For me, the best single program I've used was S&S. I know that sounds lame, but it addressed my weakness (anaerobic bursts from the swings) and contributed to injury prevention (the get ups), and it didn't leave me too tired to train. That's pretty much all you can hope for from "grappling fitness" training. There is no magic bullet that will make what we do easy though.
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Re: Grappling fitness

Post by Bram » Sun May 06, 2018 1:35 am

There was a guy I trained with, who has since went on to get his black belt, who never seemed to get injured and had a good gas tank.

He did some simple calisthenics and stretches, but his main program was running 3 days a week for about 45 minutes on top of his grappling training.

An additional big thing of him not getting injured, in my opinion, was that while he was competitive, he was a nice person to everyone and didn't ever seem to have his ego flare up if he got tapped or out-positioned. Nearly everyone at my studio got injured as it was extremely competitive, but he seemed to get by well.
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Re: Grappling fitness

Post by Fat Cat » Sun May 06, 2018 2:49 am

One thing I have noticed across Soviet sports development is an emphasis on LSD running as a basic element of athletic fitness. Whether MMA or GS, jogging is a basic element. Even guys like Malanchiev (the PLer) run.

That said, it's not magic. Jogging will help you recover between matches, but not during matches. Same as in boxing.
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Re: Grappling fitness

Post by Sangoma » Sun May 06, 2018 4:01 am

I guess this is all common sense. lSD makes sense to me more than intervals, as rolling itself is intervals, sort of.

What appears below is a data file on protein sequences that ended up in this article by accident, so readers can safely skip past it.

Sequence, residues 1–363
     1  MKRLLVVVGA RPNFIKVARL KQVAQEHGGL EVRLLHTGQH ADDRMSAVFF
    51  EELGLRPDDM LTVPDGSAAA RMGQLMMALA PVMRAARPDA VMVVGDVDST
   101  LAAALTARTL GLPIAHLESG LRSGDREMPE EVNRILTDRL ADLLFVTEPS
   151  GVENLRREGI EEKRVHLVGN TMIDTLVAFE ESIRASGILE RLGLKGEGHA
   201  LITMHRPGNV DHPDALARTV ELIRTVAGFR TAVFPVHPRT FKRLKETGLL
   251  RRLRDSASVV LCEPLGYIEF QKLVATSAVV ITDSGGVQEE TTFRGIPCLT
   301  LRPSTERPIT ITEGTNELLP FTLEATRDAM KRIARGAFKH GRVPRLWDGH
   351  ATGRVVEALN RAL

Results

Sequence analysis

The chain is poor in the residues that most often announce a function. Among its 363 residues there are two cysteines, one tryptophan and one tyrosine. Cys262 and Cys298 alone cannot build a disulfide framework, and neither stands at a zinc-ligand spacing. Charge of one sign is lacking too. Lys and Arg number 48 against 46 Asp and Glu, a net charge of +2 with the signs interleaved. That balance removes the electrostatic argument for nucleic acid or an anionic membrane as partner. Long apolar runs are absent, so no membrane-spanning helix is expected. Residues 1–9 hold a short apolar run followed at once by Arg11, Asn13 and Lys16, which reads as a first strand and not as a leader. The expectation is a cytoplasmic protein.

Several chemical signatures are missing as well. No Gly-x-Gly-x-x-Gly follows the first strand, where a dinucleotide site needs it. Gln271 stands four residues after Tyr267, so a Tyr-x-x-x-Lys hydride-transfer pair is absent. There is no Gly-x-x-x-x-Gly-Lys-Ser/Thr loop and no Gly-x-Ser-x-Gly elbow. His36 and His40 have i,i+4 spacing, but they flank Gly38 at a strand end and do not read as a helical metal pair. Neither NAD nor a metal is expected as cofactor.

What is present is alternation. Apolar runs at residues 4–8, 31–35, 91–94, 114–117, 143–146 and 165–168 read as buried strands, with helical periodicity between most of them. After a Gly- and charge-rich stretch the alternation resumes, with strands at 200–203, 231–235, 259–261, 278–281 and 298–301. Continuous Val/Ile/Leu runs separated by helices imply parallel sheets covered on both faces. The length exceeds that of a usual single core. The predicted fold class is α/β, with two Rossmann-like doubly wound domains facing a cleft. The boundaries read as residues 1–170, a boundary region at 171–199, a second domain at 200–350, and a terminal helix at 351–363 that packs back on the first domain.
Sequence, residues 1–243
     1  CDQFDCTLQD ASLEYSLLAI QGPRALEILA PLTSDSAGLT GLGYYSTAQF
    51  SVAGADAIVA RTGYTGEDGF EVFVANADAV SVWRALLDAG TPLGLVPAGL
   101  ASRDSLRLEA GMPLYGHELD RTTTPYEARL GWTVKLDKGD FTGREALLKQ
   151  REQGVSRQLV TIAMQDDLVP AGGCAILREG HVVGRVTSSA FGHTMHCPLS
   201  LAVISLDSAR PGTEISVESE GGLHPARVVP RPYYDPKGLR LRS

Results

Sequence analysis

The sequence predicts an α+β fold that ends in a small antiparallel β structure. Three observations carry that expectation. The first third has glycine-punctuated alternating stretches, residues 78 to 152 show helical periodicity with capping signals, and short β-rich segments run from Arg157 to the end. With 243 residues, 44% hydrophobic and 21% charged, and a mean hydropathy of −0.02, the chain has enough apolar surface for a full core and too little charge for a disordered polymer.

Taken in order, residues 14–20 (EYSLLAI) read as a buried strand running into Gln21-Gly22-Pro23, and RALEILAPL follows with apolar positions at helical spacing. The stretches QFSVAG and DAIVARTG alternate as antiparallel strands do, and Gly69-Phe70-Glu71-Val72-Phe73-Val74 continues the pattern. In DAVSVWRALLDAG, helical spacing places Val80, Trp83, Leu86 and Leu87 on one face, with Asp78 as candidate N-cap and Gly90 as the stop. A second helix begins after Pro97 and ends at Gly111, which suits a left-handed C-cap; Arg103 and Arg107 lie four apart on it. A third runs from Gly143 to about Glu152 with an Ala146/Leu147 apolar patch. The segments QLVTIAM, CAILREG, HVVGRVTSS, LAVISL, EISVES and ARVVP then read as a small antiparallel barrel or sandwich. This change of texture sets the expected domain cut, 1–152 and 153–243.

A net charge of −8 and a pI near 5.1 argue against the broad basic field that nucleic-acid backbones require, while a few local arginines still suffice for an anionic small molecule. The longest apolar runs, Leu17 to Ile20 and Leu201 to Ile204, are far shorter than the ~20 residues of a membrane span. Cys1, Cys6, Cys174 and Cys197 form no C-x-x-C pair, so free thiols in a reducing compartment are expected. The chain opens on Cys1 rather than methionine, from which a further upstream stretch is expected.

Bram, what do yiu mean by radial and ulnar deviations?
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Re: Grappling fitness

Post by Bram » Sun May 06, 2018 5:12 am

At my gym they have weighted bars from 9lbs to 15 lbs, I would grab a pair and do a couple sets of something similar to the exercises in the video. As I got stronger I would hold nearer the base (increasing the leverage). I can see how this would sound like utter bullshit, but literally the day I tried these I cross-choked a thick necked upper belt numerous times (and I had zero history of catching him in this submission).

https://www.youtube.com/watch?v=mIa9TRaQa4Y
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Re: Grappling fitness

Post by SubClaw » Sun May 06, 2018 11:21 am

Sangoma wrote:
Sat May 05, 2018 10:27 pm
I think it warrants a separate thread. What supplementary training do you do/should/would do? My main problem at this stage is endurance, how can I help improve it? Or is it just plain inexperience and I am simply wasting to much energy, and I just should continue training without thinking too much about this?

Otherwise, do you do any lifting, yoga, kettlebells etc.?